- Q Sci 486, Experimental Design, (4 credits)
Additional courses may qualify at the discretion of the CQS Director.
A minimum grade of 2.0 is required in all courses taken as part of the minor.
To sign up for a Q Sci minor, please contact your departmental advisor. A printable description of the CQS minor can be found here.
Computer Access in the School of Aquatic and Fishery Sciences
The computer classroom in room 207 Fishery Sciences Building (FSH) is available for student access, except on rare occasions when a class is being taught in the room. This PC lab is equipped for general computational needs including email, word processing, database manipulation and compilation, and course work software.
Computer policies are posted on the SAFS website (http://fish.washington.edu). The site also includes hours when the computer room is scheduled for classroom instruction and unavailable to students. Software in room 207 is listed.
A wealth of information on computing at the University of Washington is available at http://washington.edu/computing.
If you have any concerns about a QSci course, course instructor, or TA, please see the instructor as soon as possible.
If you are not comfortable talking with the instructor, please contact:
Dr. Vincent Gallucci
Director of the Center for Quantitative Science
Q SCI 190 Quantitative Analysis for Environmental Science (5) NW, QSR Bare
Covers applications of precalculus techniques and concepts to environmental, ecological, biological, and natural resource problems stressing the formulation, solution, and interpretation of mathematical prcedures. Prerequisite: minimum grade of 2.0 in MATH 098 or MATH 103, a score of 151 on the MPT-G, or a score of 145 on the MPT-A test. Offered: AWSp. http://faculty.washington.edu/bare/qsxxx/qsxxx.html - Bare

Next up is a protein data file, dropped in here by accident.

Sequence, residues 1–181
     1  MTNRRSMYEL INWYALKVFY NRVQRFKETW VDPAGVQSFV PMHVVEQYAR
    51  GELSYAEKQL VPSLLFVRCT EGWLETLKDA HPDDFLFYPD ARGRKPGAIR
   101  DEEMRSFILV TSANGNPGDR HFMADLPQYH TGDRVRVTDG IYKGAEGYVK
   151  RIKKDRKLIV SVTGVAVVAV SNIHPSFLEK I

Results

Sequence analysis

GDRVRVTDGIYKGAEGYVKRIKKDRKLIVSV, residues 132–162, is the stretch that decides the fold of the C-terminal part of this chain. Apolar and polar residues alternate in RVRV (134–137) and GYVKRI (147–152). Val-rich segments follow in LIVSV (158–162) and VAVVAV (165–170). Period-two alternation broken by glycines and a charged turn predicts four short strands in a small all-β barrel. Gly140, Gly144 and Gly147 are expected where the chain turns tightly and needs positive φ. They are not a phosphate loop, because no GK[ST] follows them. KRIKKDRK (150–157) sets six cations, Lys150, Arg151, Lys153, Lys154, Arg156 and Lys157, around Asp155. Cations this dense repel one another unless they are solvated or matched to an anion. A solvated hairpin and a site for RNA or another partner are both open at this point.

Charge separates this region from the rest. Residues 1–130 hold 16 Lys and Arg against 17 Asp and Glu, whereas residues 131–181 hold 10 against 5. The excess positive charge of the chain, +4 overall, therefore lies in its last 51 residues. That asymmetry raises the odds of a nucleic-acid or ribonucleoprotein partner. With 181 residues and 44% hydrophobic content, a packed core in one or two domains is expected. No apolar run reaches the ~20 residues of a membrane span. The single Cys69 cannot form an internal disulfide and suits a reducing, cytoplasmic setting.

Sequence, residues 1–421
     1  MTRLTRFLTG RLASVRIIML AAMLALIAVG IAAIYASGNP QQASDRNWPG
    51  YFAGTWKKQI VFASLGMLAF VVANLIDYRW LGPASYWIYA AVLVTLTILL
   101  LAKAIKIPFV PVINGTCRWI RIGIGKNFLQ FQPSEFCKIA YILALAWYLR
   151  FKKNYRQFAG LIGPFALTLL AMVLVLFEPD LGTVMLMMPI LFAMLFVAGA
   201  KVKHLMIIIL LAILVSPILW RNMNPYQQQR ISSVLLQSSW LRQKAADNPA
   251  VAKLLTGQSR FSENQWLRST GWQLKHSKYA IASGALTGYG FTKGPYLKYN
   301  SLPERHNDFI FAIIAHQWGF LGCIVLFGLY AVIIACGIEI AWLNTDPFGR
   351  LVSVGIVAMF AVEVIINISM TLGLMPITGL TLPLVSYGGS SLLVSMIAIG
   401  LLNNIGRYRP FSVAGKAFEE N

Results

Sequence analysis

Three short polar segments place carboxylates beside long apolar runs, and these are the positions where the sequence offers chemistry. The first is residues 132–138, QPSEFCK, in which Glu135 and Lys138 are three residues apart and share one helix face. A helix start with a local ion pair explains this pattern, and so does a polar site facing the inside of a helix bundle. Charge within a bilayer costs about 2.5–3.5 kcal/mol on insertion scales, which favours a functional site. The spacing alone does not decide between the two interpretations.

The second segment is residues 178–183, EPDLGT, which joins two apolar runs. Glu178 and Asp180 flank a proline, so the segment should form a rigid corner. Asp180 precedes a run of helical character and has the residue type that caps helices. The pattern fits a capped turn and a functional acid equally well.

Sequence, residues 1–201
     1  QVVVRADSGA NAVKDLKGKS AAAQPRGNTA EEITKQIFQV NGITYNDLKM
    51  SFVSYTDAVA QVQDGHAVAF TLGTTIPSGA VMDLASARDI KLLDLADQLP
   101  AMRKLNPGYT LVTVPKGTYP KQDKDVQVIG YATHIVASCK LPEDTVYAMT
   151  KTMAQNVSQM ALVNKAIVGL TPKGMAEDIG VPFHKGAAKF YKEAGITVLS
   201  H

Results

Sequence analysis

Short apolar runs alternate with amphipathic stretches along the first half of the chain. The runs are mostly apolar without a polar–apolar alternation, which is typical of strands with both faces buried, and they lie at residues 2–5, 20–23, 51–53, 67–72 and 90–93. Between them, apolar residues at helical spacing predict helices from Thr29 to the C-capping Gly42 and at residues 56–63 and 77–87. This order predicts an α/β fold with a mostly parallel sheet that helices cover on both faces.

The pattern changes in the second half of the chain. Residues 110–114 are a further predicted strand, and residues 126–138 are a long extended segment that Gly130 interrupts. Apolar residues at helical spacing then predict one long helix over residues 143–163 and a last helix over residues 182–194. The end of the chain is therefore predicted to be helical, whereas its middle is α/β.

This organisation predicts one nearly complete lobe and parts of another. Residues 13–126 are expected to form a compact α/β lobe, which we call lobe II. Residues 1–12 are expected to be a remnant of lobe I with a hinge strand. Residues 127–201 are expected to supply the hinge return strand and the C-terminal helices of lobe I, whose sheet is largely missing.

Q SCI 210 Introduction to Environmental Modeling (5) NW, QSR
Introduction to the use of computer modeling software in environmental policy and decision making. In weekly computer lab meetings, students use established programs to analyze the outcomes of management strategies and policy decisions related to topics such as conservation of endangered species, climate change, and deforestation.
Q SCI 291 Analysis for Biologists I (5) NW, QSR Johnson, Toth
Introduction to differential calculus, emphasizing development of basic skills. Examples promote understanding of mathematics and applications to modeling and solving biological problems. Topics include optimization and curve analysis. Prerequisite: either MATH 120, a minimum score of 2 on advanced placement test, or a minimum score of 67% on MATHPC placement test. Offered: AWSp.
Q SCI 292 Analysis for Biologists II (5) NW, QSR Gallucci, Johnson
Introduction to integral calculus, emphasizing development of basic skills. Examples promote understanding of mathematics and applications to modeling and solving biological problems. Topics include areas under curves, volumes, and differential equations. Prerequisite: Q SCI 291. Offered: WSpS.
Q SCI 293 Analysis for Biologists III (5) NW, QSR Gallucci, Johnson
Additional topics in calculus and matrix algebra. Examples promote understanding of mathematics and applications to modeling and solving biological problems. Topics include infinite series, differential equations, vectors, functions of several variables, partial derivatives, and use of computer software. Prerequisite: Q SCI 292. (This course is currently being reviewed by the College of the Environment and UW curriculum committees for possible offering in the future.)
Q SCI 381 Introduction to Probability and Statistics (5) NW, QSR Bare, Gallucci, Greulich
Applications to biological and natural resource problems stressing the formulation and interpretation of statistical tests. Descriptive and inferential topics covered include common probability distributions, confidence intervals, hypothesis tests, and simple linear regression. Prerequisite: MATH 120, a minimum score of 2 on advanced placement test, or a minimum score of 67% on MATHPC placement test. Offered: AWSpS. http://faculty.washington.edu/bare/qs381/ - Bare
http://courses.washington.edu/qsci381f/ - Greulich
Q SCI 392 Techniques of Applied Mathematics in Biology I (3) NW
Ordinary differential equations-linear and nonlinear; systems of differential equations; approximation techniques, numerical solution techniques; applications to biological processes. Prerequisite: Q SCI 292. Not currently offered.
Q SCI 393 Techniques of Applied Mathematics in Biology II (3) NW